A powerful, personal story of state-sponsored terror in Guatemala and the lasting effects it has had on families, “The Echo of Pain of the Many” is a timely testament to the brave, untiring efforts of Guatemalans to demand justice and dent the country’s long-standing veil of impunity.
Introducing the film at a London screening on Wednesday, director Ana Lucia Cuevas explained that the title derives from the fact that her own story reflects the painful experience of many thousands of Guatemalans during the country’s decades-long armed conflict. In 1984, her activist student brother Carlos was abducted at the hands of the state. His forced disappearance (and subsequent torture and murder), like that of countless other Guatemalan civilians classed as sympathetic to leftist guerrillas, or anyone seeking change, was the product of a deliberate governmental policy of terrorising the population—a policy supported with money, arms and training from the Reagan administration.
Living abroad in exile for over a decade, it was only in 1999 that Cuevas found out her brother had in fact been killed three months after he was kidnapped. She learned this through the release of an astonishing document—the so-called “death squad dossier” listing with cold bureaucratic precision all the alleged subversives whom the military had abducted, with cryptic annotations marking those who had been killed. “Until then, I’d thought he might still be alive”, Cuevas said in an interview.
The film, documenting Cuevas’s return to Guatemala to investigate her brother’s case and to hear others’ stories, is at heart a moving exploration of how Guatemalans have coped in the aftermath of unspeakable horrors. We hear harrowing testimony from survivors of the military’s so-called “scorched earth” campaigns—brutal massacres of indigenous communities and destruction of their homes, rendering many Guatemalans starving refugees in their own country. And we learn of the widowed women in the city who relied on each other for strength as they raised infants alone, not knowing what fate had befallen their husbands. Their demands for answers from the state fell on deaf ears at best, and at worst were met with further repression. Carlos’s wife, Rosario Godoy de Cuevas, was a founder of Grupo de Apoyo Mutuo (GAM), a support movement for relatives of desaparecidos, and she met a particularly brutal fate in 1985. She was tortured and killed along with her brother, and most cruelly, her two-year-old son. Their bodies were left in the street, no doubt to serve as a stark warning.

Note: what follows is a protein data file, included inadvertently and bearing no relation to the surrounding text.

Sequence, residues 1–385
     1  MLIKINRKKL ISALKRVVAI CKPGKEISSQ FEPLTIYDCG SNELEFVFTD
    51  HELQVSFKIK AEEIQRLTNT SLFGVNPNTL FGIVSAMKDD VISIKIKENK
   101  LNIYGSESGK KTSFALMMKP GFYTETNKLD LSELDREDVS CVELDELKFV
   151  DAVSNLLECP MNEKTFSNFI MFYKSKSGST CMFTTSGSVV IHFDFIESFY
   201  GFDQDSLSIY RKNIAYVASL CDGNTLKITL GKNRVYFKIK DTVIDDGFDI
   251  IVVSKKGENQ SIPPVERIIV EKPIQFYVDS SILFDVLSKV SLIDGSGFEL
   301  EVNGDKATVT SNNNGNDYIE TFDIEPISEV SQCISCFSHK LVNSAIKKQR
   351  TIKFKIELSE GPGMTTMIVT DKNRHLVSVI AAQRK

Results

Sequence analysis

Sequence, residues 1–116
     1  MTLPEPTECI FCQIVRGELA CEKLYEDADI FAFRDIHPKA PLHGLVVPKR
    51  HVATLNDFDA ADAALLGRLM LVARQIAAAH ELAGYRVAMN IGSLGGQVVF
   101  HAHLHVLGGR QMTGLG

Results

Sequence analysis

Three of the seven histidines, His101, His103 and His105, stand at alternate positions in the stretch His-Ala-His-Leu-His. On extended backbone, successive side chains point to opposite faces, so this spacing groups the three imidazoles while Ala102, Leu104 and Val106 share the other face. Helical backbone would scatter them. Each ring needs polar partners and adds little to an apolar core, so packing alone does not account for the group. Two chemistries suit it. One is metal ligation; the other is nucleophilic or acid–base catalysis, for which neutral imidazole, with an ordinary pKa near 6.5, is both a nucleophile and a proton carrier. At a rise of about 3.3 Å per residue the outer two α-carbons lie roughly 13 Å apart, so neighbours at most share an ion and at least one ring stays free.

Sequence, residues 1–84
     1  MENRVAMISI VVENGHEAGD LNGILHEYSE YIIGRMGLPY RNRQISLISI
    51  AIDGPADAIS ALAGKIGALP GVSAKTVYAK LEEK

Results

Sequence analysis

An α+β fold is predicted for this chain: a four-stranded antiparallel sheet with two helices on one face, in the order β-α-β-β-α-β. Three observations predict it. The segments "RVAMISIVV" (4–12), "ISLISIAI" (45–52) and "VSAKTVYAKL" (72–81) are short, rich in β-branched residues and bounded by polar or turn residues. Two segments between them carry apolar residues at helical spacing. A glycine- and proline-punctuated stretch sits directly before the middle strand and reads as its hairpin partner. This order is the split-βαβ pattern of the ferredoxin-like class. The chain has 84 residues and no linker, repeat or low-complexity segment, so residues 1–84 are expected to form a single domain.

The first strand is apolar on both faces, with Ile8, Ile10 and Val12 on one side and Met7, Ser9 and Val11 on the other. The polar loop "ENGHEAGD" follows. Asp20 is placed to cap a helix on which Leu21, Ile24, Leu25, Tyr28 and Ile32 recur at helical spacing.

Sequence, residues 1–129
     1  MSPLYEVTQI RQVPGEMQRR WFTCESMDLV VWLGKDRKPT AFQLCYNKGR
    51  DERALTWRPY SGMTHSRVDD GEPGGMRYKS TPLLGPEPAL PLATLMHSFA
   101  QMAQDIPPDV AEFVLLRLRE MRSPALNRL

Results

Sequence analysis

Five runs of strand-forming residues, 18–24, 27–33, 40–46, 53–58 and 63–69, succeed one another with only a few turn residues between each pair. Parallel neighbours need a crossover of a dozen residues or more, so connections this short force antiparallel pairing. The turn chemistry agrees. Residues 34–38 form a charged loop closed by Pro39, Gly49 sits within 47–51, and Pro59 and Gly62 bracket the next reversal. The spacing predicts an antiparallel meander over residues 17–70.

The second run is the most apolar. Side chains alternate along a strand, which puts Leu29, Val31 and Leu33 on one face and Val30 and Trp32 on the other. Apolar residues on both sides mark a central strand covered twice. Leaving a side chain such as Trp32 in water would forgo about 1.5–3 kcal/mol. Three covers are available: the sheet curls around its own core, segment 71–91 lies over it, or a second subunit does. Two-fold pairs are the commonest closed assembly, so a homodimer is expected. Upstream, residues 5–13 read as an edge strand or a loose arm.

For almost three decades, thousands of Guatemalans have been unable to properly mourn loved ones or obtain the barest official recognition of what they have suffered. However, as the film recounts, that has changed in recent years. Internationally mediated post-conflict truth mechanisms have led to acknowledgement by the state of its gross human rights violations, and in some cases presidential apologies to families—including to Cuevas and her mother. And we witness how efforts to locate and identify the remains of disappeared persons have allowed many families to finally lay their loved ones to rest. As a family lays flowers on a grave towards the end of the film, one can only guess at what this measure of closure feels like after being denied it for so long.
Pieces of the puzzle are provided by various actors involved in the process of recovering the truth about what happened to Carlos and to countless Guatemalans. Uncovered archival documents, forensic anthropologists, and personal witnesses help to build a story of terrible violence perpetrated by the state against its own people.
The film ends on the encouraging note that trials have been brought against members of the military for some of the atrocities visited upon participants in the film and their loved ones. Featured in particular are the events at Choatalum, and the corresponding trial. A lawyer being interviewed laments that the intellectual authors of the war-era crimes have not yet been put on trial. Watching the film now, however, we know this is fortunately no longer true, as then-dictator Efraín Ríos Montt was just a week ago convicted for his command role in the 1982 genocide against the Ixil people. Watching archive footage of Ríos Montt in the film, speaking almost jovially about being a ‘subversive against subversion’, is particularly unsettling in light of what has now been authoritatively found by a court of law.
The verdict is not final, but as Cuevas said at the premiere, the simple fact of the judgment means that people are no longer afraid of speaking openly about what happened. Making the facts of the conflict known is Cuevas’s goal with this film, which she is already using as a tool to raise awareness in Guatemala. The response to screenings thus far has been very positive, particularly from younger viewers, for whom the film is powerfully informative about a part of their history many of them knew very little about. It also contributes to the ongoing recovery of collective memory so important for the pursuit of justice.
“The Echo of Pain of the Many” will be screened by Amnesty in London later this year.